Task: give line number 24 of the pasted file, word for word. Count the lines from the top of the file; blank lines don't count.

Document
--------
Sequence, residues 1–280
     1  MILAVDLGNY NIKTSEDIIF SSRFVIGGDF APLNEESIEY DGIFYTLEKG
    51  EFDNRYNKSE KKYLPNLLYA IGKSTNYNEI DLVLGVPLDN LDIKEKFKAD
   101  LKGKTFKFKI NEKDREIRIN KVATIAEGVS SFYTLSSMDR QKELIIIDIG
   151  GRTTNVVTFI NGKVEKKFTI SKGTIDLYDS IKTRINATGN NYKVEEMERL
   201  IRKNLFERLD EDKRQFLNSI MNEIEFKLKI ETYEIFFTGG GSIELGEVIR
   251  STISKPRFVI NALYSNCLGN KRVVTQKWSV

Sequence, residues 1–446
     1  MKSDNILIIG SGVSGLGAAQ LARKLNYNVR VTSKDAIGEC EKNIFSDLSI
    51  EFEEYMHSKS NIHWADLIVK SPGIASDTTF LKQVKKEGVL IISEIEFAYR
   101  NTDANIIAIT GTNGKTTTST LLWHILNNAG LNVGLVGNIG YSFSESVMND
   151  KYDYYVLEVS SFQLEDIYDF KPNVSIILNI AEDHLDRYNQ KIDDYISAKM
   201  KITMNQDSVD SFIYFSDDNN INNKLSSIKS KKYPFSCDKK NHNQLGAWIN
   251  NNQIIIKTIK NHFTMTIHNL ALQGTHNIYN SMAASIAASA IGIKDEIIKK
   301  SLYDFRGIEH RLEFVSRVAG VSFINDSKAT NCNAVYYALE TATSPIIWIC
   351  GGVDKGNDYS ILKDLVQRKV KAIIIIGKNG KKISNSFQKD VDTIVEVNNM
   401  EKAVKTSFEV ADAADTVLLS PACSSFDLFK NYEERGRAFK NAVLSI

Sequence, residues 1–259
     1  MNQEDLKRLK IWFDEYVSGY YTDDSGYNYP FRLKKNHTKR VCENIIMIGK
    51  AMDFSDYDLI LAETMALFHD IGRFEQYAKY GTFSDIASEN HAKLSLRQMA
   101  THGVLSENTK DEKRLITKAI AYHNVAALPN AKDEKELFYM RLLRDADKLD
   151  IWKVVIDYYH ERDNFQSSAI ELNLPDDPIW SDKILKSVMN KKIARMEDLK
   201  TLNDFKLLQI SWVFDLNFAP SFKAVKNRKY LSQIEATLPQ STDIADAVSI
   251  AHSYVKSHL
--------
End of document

   251  AHSYVKSHL